With the aggressive curve in the shrink tubing and 1cm of coating removed from beneath the curve, it allows plenty of movement in the hook section. This coupled with a big shot 5mm from the tubing, anchors the rig in place. When having the bait balanced with a shot just big enough to sink it I noticed that the hook section wasn’t spinning round as quickly. By testing the rig in the edge in noticed straight away that when pushing my finger against the back of the curved shrink tube that the small shot would often lose position on the bottom and the rig didn’t turn quite as effectively as I wanted it to.
By totally over doing the weight needed to sink the pop-up, you end up with a shot that has a true anchoring effect. When I wrapped my shot in putty and again tested it in the edge, it was clear from the off that the it was holding firm and the hook section turned fast and effectively as soon as I pushed my finger against the back of the curved tubing.
In a fishing situation this would see the hook spinning round and into a position, ready to hook the carp a lot more effectively. The stability of my hook holds increased and I was much more positive about their positioning within the carps mouth.
The tubing is a major part of the rig, the most important in fact. I use a standard length of tubing and cut off 15mm, leaving me with a decent length. This is then slipped over the eye and steamed over the kettle, the curve is then carefully formed. I like to have the end of the tubing just short of level with the point of the hook. It can take a bit of fiddling about and the occasional steam burn but it’s worth the hassle to get it right.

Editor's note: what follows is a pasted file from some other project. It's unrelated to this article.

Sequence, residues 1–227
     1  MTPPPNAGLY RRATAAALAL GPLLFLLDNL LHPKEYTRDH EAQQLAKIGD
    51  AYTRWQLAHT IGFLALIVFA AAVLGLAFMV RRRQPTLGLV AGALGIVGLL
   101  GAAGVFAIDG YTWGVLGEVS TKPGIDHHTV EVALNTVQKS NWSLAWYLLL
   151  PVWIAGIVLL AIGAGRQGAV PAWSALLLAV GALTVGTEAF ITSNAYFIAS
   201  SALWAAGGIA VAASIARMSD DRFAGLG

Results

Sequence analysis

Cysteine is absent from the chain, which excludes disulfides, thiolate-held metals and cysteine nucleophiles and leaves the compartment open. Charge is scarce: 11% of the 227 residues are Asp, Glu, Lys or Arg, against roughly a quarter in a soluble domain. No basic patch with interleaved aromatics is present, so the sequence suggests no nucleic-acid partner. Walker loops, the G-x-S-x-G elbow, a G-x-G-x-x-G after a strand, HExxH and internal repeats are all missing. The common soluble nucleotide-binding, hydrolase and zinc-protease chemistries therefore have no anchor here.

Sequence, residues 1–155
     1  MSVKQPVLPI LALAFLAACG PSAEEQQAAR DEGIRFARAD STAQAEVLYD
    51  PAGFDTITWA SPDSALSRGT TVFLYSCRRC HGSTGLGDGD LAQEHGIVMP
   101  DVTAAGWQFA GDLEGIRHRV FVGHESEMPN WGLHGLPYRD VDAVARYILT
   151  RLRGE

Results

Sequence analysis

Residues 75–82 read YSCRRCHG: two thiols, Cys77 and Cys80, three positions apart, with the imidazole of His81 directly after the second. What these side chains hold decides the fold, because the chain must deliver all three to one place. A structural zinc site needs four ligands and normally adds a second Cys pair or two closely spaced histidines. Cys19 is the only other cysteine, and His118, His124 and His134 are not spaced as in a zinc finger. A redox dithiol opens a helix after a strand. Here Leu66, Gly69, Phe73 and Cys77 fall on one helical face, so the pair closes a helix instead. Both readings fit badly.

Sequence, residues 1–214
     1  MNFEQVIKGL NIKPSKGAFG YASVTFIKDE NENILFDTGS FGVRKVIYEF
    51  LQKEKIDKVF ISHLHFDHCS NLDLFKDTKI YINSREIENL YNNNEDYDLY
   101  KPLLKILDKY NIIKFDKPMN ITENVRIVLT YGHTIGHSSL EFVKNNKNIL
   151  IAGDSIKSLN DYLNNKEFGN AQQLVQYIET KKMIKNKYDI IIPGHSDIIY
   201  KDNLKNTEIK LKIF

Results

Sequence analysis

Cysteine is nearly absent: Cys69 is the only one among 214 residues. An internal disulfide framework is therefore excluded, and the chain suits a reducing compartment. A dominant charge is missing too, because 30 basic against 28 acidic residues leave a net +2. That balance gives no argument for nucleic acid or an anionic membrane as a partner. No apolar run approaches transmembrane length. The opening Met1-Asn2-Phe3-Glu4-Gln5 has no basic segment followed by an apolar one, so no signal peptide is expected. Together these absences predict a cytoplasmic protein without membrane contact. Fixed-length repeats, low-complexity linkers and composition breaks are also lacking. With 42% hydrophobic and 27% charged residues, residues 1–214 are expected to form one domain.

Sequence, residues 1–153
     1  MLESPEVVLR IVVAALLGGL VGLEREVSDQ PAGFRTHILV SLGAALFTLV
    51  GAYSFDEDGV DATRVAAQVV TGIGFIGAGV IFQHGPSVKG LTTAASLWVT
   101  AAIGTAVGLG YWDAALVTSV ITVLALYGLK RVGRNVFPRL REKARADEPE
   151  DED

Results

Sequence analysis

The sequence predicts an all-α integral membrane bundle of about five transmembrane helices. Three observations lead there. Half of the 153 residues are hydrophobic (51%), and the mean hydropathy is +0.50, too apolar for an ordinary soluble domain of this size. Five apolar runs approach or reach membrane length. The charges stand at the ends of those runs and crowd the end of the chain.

The coating on the braid plays a part in creating and keeping the curves shape - by steaming the tubing with the coating still on it creates rigidity within the curve, whereas by stripping the coating you lose this. It is important that the curve is smooth and strong, keeping its shape. By over curving the tubing as you steam it you can also help achieve this. The tubing will have some degree of give in it, so a standard C shape will have the potential of opening up slightly, with an overly closed C shape you can then work the tubing with your fingers after steaming back into a C shape. This way the play in the tubing has been eliminated and you are left with a perfect curve and no chance of it opening up. By using the N-Trap Semi-Stiff rather than the soft, which I normally use, I found that the rig would kick away from the leader better, whilst being supple enough to settle nicely over any detritus. It’s important that the rig kicks away properly and doesn’t land and poke upwards, and when the pop-up is over-weighted, a stiffer hook link is needed in order to be sure this happens.